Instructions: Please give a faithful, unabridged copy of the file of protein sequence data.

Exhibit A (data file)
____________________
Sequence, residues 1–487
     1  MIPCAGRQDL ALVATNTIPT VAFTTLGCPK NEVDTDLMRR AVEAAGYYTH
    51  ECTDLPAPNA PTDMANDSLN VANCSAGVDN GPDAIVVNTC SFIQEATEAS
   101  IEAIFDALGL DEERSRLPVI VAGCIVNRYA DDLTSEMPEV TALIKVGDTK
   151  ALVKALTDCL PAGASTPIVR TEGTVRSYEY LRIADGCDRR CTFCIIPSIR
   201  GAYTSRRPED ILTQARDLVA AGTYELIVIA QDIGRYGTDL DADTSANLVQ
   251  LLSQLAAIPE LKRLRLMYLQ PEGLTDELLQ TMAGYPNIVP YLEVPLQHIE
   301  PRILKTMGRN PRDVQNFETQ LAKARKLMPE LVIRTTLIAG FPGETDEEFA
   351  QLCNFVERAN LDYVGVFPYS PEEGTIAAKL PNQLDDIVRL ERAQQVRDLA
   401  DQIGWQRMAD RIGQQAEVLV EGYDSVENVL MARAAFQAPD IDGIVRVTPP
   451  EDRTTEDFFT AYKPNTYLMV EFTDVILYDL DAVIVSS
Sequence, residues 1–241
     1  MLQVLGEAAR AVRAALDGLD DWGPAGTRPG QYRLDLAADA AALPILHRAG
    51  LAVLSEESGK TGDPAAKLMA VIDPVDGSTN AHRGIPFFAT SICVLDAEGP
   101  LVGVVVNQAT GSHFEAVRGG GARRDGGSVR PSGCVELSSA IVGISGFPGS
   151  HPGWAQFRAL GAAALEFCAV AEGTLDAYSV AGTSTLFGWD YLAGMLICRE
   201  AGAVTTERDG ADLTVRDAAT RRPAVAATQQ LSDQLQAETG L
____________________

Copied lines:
Sequence, residues 1–487
     1  MIPCAGRQDL ALVATNTIPT VAFTTLGCPK NEVDTDLMRR AVEAAGYYTH
    51  ECTDLPAPNA PTDMANDSLN VANCSAGVDN GPDAIVVNTC SFIQEATEAS
   101  IEAIFDALGL DEERSRLPVI VAGCIVNRYA DDLTSEMPEV TALIKVGDTK
   151  ALVKALTDCL PAGASTPIVR TEGTVRSYEY LRIADGCDRR CTFCIIPSIR
   201  GAYTSRRPED ILTQARDLVA AGTYELIVIA QDIGRYGTDL DADTSANLVQ
   251  LLSQLAAIPE LKRLRLMYLQ PEGLTDELLQ TMAGYPNIVP YLEVPLQHIE
   301  PRILKTMGRN PRDVQNFETQ LAKARKLMPE LVIRTTLIAG FPGETDEEFA
   351  QLCNFVERAN LDYVGVFPYS PEEGTIAAKL PNQLDDIVRL ERAQQVRDLA
   401  DQIGWQRMAD RIGQQAEVLV EGYDSVENVL MARAAFQAPD IDGIVRVTPP
   451  EDRTTEDFFT AYKPNTYLMV EFTDVILYDL DAVIVSS
Sequence, residues 1–241
     1  MLQVLGEAAR AVRAALDGLD DWGPAGTRPG QYRLDLAADA AALPILHRAG
    51  LAVLSEESGK TGDPAAKLMA VIDPVDGSTN AHRGIPFFAT SICVLDAEGP
   101  LVGVVVNQAT GSHFEAVRGG GARRDGGSVR PSGCVELSSA IVGISGFPGS
   151  HPGWAQFRAL GAAALEFCAV AEGTLDAYSV AGTSTLFGWD YLAGMLICRE
   201  AGAVTTERDG ADLTVRDAAT RRPAVAATQQ LSDQLQAETG L